AVAC: Global Advocacy for HIV Prevention
AVAC: Global Advocacy for HIV Prevention was founded in December 1995 to advocate for the development of a safe, effective, and accessible HIV vaccine. It seeks to promote increased funding and investment in HIV vaccine research by government agencies, private industry and non-governmental organizations; to identify barriers to the development of a vaccine; and to increase public awareness about the need for a well funded, coordinated HIV vaccine research program. It seeks to promote increased HIV vaccine advocacy efforts by community-based organizations and increased awareness about HIV vaccine development among AIDS-affected communities. It is committed to the principle that funds for HIV vaccine research are not to be taken from basic HIV research, drug development or prevention efforts.
Latest by AVAC: Global Advocacy for HIV Prevention
A fascinating lecture at this year's HIVR4P conference showed how advances in modern scanning technologies can be used to get more accurate information about the first stages of HIV infection and on the ways that HIV drugs are absorbed and distribute...
Research on broadly neutralizing antibodies is taking the field of HIV prevention science in new directions, with implications for new prevention interventions and vaccine development.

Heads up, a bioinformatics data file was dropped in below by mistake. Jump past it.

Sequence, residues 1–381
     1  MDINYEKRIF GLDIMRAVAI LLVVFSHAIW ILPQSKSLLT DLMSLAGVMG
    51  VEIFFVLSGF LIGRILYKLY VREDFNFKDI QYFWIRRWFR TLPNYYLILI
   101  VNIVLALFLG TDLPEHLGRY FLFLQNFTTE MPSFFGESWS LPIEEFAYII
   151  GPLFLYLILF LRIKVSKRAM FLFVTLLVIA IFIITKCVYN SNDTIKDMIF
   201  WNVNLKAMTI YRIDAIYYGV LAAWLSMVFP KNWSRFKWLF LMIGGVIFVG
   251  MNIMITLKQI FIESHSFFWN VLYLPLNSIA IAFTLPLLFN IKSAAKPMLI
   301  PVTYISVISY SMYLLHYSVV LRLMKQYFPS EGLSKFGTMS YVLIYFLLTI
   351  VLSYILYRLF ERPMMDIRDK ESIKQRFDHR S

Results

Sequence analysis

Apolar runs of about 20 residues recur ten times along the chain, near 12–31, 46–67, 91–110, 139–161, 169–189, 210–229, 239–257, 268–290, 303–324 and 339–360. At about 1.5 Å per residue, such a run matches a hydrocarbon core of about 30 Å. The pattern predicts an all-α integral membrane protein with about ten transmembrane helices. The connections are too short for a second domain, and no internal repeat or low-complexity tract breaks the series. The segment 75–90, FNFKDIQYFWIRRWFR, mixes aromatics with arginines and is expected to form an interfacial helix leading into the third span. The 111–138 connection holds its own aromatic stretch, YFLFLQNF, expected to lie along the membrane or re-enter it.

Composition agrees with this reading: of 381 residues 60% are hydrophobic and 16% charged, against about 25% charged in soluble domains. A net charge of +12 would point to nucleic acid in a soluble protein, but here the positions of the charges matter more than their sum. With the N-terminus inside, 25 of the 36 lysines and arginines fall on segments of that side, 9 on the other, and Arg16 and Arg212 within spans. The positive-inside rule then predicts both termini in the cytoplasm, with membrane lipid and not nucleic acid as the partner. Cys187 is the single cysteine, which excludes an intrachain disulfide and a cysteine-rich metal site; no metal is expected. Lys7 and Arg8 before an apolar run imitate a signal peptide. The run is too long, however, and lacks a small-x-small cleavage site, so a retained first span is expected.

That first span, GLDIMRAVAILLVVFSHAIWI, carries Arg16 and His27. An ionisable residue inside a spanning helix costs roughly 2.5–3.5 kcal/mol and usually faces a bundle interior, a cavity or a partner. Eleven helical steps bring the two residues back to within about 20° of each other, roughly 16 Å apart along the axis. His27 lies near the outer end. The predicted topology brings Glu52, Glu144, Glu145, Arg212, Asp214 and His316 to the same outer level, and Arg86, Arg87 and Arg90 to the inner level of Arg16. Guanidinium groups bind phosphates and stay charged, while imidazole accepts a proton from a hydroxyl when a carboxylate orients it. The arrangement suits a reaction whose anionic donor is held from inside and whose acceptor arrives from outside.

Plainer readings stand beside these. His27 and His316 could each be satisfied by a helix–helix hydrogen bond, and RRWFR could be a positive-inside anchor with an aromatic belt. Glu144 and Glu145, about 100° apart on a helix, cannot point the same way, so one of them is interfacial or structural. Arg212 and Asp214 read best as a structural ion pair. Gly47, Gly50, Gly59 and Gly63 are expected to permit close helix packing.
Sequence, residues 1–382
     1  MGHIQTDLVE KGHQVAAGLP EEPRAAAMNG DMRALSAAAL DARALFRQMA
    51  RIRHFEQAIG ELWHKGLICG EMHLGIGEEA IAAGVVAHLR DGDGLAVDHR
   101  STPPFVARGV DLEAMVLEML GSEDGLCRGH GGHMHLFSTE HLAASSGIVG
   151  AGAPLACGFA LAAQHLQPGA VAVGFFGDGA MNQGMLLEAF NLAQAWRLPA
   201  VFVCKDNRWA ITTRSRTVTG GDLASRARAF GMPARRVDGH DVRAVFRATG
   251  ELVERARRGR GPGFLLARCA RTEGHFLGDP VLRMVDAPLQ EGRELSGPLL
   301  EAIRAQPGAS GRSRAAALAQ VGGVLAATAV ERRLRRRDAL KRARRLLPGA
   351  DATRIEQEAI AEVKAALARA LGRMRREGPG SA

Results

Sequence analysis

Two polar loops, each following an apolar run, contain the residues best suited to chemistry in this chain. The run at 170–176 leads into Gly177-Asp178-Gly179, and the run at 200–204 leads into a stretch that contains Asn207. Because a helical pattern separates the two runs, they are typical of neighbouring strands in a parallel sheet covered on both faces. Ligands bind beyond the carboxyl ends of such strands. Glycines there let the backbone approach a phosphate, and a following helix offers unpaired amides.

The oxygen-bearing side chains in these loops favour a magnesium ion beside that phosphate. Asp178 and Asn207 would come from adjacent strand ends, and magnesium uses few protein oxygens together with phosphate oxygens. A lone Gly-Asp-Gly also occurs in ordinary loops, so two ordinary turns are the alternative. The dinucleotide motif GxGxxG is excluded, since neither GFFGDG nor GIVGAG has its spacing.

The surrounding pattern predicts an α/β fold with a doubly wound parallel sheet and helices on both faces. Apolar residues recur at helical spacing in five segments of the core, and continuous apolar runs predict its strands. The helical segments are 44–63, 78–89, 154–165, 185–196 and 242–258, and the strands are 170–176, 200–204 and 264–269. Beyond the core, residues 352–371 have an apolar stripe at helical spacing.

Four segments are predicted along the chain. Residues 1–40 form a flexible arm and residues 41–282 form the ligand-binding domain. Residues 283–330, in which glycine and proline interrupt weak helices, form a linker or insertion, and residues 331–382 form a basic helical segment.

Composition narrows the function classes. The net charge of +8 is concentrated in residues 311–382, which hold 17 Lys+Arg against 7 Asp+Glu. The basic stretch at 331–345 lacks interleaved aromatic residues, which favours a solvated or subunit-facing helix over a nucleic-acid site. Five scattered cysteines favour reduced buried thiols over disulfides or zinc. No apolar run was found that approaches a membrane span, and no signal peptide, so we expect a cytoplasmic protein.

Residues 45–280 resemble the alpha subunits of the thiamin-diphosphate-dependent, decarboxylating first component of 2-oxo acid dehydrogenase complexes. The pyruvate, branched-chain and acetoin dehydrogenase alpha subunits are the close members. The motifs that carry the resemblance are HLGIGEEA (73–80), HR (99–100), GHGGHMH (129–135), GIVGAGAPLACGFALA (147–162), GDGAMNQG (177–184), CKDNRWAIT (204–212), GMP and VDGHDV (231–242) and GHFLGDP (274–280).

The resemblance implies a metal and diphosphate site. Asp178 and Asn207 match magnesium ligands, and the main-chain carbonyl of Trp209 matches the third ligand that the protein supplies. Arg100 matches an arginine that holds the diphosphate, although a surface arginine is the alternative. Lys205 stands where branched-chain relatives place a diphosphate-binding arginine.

Rob Newells, executive director of the AIDS Project of the East Bay, gives his personal (U.S.-centered, black MSM-focused) highlights from CROI 2018.
This year's Conference on Retroviruses and Opportunistic Infections broadened its lens from the lab to the ways that different strategies are, or might, have an impact in the context of people's complex lives.
"There is good news and bad news, often in the same story," AVAC writes.
A new report documents 2016 funding and highlights a continuing trend of flat or declining funding and its potential impact on further innovation in HIV prevention research and development.
A medicine you get only every two months to reduce your risk of acquiring HIV could be an option in the future, but only if two clinical trials show that it is safe and effective.
"Good participatory practice and community voices are needed now more than ever in the HIV vaccine research arena," Daisy Ouya and Morenike Upkong write.
A medicine that can be administered once every two months to reduce HIV risk could be an option in the future if two big efficacy trials find good results.
"At CROI, the 'executive director hat' comes off, and I'm purely a community advocate again," Rob Newells writes. "This year, that was even more true than in previous years."